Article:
Elect Randy Johnson to the Hall of Fame Unanimously!

randy-johnson-sicover2Trace Woods has posted a delightful piece today in light of the absurdity that 16 Hall of Fame voters left Greg Maddux’s name off this year’s ballot. His quest? To get Randy Johnson elected next January unanimously, and he does a good job of making the case that Randy Johnson might be the best left-handed pitcher in the game’s history. How could anyone not vote for him?

If you’re a HoF voter, you have to read the piece and do the right thing. Please.

If you’re a baseball fan, please spread the word. Sixteen voters should be embarrassed this year. Let’s help save them from themselves next year.

Rotoman’s Hall of Fame

bondsclemensI find it hard to ignore reading about other people’s Baseball Hall of Fame ballots, real or imaginary, and also hard to ignore reading criticism of other people’s Baseball Hall of Fame ballots, especially the real ones. Those of us who love the game of baseball have some process of player evaluation wired within us, and with that comes some compulsion to rank, and to argue the primacy of our rankings over those of others, and we all know where that leads.

Yes, to a Hall of Fame. But what frustrates me about the Hall of Fame discussions are some arguments which seem to ignore the role of such an institution. For instance, the Hall is a collective enterprise. And the collective that determines who is or isn’t admitted is an aging cohort of the Baseball Writers Association of America, whether they currently write about baseball or not, backstopped by a veterans committee that has taken many different forms and functions over the years in order to get in those the writers decided not to enshrine. So, these two groups have shaped a Hall that reflects their vision, and we live with it because they have successfully sold us on their legitimacy. Plus, they have an awfully nice museum.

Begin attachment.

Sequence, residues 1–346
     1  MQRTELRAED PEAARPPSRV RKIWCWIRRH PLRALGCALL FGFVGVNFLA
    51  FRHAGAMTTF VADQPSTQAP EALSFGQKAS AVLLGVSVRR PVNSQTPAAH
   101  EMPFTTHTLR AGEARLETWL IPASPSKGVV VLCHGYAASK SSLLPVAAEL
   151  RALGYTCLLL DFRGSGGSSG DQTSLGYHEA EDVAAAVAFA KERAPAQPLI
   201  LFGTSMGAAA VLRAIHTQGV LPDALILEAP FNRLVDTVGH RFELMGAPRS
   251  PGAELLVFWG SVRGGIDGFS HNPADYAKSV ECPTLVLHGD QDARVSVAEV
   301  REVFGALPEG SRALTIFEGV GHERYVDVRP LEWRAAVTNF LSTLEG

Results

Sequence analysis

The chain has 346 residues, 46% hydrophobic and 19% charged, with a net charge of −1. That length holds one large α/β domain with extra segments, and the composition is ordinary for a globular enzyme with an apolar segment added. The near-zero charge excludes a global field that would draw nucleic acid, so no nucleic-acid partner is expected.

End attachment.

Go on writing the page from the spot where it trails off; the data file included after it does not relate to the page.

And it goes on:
That said, this has never been a democratic process, and for all of time baseball writers who have a ballot have, as individuals, made appalling miscues while voting, but when limited to the selections of the writers the process itself has led to a pretty solid roster of HoF players. Obviously, there are close calls that you or I may disagree with, that’s inevitable, but I think it’s fair to say that by virtue of the writers’ rules (five year waiting period, 15 years on ballot, limit to 10 names on ballot in any year) the roster of those enshrined by the writers is pretty solid. At least I’ve never had a problem with it, though I have to admit I never really felt the need to challenge it (or look that closely when I wasn’t reading someone else’s opinions about it).

Which is why the current flap about players from the PEDs era is such a problem. With two exceptions, Shoeless Joe and Charlie Hustle, the Hall has admitted the best players of the game. But now a majority of the writers seem to be saying that the use (or even the possible use) of performance enhancing drugs should make some of the game’s best players ineligible. Today, all-time greats are not being voted into the Hall because of this blemish on their careers and reputations. And other greats are being denied votes they would deserve except that writers have a hunch that they too used PEDs.